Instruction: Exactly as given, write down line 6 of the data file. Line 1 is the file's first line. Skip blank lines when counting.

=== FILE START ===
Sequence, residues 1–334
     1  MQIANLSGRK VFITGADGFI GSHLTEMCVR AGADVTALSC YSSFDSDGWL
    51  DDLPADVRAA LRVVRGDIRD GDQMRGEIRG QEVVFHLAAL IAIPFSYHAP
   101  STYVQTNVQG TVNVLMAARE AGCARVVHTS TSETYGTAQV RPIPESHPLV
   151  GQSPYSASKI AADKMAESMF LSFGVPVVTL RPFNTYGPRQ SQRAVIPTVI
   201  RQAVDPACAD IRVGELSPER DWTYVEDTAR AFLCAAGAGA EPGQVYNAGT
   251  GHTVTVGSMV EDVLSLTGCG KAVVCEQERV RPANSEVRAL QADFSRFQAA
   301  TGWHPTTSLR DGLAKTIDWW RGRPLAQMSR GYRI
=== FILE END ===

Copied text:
   201  RQAVDPACAD IRVGELSPER DWTYVEDTAR AFLCAAGAGA EPGQVYNAGT